The Supreme Court of the State of New York Appellate Division, Second Judicial Department (“New York Appellate Court”) held in its decision filed on May 10, 2017 that the defendant orthopedic surgeon’s duty of care as an orthopedic surgeon did not extend to the alleged departures in failing to discover the plaintiff’s lung cancer. The New York Appellate Court further held that the defendant radiologist’s interpretation of the plaintiff’s shoulder MRI did not depart from the radiologic standard of care, and that the plaintiff’s tumor would present on an MRI “as a mass in the apex of the lung” and that none of the MRI films interpreted by the defendant radiologist on August 7, 2007 showed the apex of the lung.
The plaintiff had filed her New York medical malpractice lawsuit against the orthopedic surgeon, the radiologist, and their respective medical practices for medical malpractice and lack of informed consent, alleging that the defendant radiologist negligently failed to timely identify a malignant process in her left lung as evidenced by an MRI performed on or about August 7, 2007, and that the defendant orthopedic surgeon departed from accepted medical practice in, among other things, misinterpreting X rays of her shoulder, failing to document any pathology in the lung, failing to diagnose lung cancer, and negligently diagnosing shoulder impingement syndrome and rotator cuff pain.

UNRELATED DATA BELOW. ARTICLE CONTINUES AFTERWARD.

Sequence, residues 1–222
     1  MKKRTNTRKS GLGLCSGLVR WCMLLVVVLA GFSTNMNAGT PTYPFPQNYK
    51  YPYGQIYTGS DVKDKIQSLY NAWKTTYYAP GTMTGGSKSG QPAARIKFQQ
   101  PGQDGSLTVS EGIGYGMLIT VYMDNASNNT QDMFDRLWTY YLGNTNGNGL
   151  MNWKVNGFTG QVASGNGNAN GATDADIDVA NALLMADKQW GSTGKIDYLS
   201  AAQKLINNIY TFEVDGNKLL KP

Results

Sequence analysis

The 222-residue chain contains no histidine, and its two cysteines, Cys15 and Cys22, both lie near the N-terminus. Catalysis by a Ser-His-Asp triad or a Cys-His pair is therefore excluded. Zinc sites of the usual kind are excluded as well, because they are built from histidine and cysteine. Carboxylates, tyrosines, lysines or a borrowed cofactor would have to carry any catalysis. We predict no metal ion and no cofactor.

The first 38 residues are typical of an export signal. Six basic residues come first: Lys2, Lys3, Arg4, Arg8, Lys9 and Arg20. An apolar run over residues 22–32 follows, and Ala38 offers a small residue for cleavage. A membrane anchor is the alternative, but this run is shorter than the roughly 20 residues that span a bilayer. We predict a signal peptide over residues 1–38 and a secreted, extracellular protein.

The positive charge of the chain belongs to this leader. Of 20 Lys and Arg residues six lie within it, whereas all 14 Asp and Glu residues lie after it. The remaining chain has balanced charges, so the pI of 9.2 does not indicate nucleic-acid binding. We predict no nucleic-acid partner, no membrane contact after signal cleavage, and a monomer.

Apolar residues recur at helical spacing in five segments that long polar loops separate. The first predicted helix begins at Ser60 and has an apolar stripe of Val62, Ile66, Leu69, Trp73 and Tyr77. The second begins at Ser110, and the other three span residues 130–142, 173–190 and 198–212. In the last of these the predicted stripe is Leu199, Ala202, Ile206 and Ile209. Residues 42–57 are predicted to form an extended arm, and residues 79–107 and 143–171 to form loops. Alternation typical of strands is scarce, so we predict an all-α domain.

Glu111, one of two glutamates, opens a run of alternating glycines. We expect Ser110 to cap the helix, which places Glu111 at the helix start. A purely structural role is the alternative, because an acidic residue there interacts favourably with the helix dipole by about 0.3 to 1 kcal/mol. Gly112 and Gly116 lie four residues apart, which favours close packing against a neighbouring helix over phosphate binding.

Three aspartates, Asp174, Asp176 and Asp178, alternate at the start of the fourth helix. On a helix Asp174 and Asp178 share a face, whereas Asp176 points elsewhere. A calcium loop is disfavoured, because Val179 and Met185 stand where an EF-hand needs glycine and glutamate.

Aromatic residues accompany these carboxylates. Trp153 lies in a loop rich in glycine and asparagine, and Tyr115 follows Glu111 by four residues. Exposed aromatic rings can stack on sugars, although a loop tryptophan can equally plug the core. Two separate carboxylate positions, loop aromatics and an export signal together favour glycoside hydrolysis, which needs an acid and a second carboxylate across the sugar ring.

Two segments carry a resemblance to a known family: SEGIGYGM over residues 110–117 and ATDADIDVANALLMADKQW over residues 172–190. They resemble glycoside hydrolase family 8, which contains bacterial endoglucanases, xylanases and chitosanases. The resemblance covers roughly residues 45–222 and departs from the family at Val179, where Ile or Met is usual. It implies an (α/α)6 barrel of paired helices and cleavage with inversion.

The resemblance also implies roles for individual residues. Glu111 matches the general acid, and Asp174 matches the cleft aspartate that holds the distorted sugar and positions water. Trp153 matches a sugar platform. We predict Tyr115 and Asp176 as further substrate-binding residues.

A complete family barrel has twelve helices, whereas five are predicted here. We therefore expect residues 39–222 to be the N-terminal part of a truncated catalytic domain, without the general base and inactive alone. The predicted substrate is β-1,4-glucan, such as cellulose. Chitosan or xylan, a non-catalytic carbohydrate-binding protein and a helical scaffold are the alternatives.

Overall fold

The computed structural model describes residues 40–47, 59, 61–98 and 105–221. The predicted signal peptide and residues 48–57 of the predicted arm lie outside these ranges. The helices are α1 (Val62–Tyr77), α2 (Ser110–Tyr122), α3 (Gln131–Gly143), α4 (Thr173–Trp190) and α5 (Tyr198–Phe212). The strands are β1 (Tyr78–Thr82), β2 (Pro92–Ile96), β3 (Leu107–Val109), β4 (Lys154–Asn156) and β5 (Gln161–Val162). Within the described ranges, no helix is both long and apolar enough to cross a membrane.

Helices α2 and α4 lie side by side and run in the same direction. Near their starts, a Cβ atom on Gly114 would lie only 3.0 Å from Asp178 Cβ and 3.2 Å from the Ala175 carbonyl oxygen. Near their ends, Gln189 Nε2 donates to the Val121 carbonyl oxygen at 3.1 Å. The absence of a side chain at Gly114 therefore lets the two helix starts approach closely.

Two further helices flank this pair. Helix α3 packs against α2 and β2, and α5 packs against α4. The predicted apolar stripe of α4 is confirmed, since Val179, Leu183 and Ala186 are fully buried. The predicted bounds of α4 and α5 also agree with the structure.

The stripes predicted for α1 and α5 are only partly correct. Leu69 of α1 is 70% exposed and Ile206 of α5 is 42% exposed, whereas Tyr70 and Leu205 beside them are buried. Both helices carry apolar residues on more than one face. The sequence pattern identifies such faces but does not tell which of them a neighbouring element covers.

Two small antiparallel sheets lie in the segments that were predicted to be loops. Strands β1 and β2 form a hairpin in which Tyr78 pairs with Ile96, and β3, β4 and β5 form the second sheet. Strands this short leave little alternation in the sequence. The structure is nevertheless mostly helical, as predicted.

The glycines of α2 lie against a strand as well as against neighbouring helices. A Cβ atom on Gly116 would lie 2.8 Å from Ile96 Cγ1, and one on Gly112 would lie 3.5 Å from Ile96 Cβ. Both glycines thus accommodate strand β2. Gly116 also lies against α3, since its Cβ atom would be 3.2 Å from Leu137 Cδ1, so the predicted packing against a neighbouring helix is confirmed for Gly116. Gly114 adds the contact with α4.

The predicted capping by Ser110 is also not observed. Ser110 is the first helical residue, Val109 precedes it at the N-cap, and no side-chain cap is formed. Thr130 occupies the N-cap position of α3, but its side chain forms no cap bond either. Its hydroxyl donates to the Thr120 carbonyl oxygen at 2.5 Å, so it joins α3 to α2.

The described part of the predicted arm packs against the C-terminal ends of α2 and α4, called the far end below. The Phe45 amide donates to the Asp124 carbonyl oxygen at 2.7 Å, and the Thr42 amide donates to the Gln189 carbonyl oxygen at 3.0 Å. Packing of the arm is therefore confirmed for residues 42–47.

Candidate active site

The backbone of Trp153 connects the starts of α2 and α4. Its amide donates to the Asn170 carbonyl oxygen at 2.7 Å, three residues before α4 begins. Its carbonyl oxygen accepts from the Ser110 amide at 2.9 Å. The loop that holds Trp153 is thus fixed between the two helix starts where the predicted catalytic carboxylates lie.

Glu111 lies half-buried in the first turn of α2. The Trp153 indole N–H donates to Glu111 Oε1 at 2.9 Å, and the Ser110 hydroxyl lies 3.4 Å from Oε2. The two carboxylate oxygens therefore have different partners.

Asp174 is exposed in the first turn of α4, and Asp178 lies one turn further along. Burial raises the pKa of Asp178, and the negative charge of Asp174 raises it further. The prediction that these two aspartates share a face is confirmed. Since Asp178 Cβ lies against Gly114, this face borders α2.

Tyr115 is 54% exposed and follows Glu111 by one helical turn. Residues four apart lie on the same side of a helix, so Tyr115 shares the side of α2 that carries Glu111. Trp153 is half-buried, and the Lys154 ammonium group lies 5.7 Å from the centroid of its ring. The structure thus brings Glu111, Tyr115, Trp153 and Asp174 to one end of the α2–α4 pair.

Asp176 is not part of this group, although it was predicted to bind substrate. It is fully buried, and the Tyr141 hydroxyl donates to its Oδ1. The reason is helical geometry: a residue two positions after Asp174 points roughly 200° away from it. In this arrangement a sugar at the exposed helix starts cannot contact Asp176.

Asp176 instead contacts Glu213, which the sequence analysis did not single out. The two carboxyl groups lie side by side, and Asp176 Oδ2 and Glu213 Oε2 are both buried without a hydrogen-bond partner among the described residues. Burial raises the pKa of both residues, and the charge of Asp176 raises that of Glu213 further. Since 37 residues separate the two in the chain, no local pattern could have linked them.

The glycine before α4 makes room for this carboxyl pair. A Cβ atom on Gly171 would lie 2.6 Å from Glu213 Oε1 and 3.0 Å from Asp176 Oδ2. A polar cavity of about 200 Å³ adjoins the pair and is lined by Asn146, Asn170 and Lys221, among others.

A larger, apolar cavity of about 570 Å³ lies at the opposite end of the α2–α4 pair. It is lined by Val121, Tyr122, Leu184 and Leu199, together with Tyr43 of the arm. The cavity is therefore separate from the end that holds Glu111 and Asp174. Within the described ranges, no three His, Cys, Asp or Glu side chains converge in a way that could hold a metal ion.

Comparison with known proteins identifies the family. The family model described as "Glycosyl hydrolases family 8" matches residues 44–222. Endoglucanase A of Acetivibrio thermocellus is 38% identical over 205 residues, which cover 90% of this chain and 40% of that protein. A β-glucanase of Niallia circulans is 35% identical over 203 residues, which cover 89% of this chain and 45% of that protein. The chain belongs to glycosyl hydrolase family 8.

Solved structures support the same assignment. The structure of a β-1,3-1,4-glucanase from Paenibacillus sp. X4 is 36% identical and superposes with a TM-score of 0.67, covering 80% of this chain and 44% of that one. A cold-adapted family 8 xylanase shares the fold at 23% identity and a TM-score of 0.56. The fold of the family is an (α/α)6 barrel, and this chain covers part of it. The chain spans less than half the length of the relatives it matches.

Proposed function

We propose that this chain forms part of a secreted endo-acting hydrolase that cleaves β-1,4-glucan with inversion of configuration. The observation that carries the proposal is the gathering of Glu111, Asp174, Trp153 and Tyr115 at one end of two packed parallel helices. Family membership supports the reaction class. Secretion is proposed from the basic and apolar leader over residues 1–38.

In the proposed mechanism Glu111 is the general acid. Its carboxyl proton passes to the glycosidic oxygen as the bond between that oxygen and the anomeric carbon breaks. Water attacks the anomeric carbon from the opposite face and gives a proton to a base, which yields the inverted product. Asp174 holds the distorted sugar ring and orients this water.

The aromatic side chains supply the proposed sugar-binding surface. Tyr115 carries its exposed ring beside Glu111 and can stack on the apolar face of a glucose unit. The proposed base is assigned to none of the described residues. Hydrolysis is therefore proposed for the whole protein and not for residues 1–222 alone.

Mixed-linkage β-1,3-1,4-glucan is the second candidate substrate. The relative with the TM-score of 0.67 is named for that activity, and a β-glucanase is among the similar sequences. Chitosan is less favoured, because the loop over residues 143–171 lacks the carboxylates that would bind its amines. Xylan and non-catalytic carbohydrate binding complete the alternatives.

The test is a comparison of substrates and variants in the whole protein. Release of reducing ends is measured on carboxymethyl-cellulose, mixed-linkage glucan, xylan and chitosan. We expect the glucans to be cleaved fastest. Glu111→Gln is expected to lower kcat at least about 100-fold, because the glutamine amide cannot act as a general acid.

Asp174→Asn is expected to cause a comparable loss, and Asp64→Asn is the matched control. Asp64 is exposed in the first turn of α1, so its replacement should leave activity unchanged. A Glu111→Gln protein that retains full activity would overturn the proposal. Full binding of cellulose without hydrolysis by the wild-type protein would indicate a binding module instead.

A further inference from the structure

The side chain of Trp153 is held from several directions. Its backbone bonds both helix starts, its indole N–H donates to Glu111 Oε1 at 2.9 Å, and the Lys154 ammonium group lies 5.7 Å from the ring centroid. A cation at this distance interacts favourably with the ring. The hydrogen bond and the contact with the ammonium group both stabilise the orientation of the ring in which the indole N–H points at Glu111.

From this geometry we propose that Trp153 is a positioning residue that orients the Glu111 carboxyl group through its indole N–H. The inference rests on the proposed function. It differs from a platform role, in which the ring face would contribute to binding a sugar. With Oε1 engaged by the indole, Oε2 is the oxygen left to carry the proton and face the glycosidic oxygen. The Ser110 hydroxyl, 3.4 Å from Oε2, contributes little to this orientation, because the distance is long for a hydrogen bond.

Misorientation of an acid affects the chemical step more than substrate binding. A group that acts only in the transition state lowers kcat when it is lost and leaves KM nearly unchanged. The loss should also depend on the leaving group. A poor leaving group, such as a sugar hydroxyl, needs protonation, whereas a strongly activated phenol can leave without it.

The defendant orthopedic surgeon and his experts contended that the plaintiff remained under the care of her primary care physician, who had referred the plaintiff to the defendant orthopedic surgeon after diagnosing a rotator cuff tear, and that the defendant’s role was limited to evaluating and treating the plaintiff’s orthopedic issues. They further contended that the defendant orthopedic surgeon properly diagnosed the plaintiff with left rotator cuff disorder, and that the plaintiff’s symptoms, a physical examination, and positive findings on X rays and an MRI of the left shoulder were consistent with his impression of shoulder impingement syndrome. In addition, the defendant orthopedic surgeon’s expert opined, among other things, that the defendant, as an orthopedist, appropriately obtained X rays of the plaintiff’s left shoulder that were optimized for the bone and did not show any evidence whatsoever of a lung tumor.
The New York Appellate Court stated that the plaintiff’s expert, a board-certified radiologist, did not indicate any familiarity with the standards of orthopedic care and that the expert’s opinion that the defendant orthopedic surgeon assumed a duty to discover the plaintiff’s lung cancer was a bare legal conclusion that is unsupported by the record and insufficient to raise a triable issue of fact.
With regard to the liability of the defendant radiologist, the New York Appellate Court stated that under the circumstances, the opinion of the plaintiff’s expert radiologist that the plaintiff’s tumor was visible on the MRI films taken in August 2007 as “a left lung mass . . . in the lateral left upper lobe adjacent to the chest wall” was conclusory and failed to raise a triable issue of fact as to whether the defendant radiologist departed from accepted medical practice (none of the MRI films interpreted by the defendant radiologist in August 2007 showed the apex of the lung, and the lateral, upper part of the lung seen on some of the August 2007 MRI images was not the apex of the lung).
The New York Appellate Court therefore affirmed summary judgment granted to the defendants.
Source Donnelly v. Parikh, 2017 NY Slip Op 03731.
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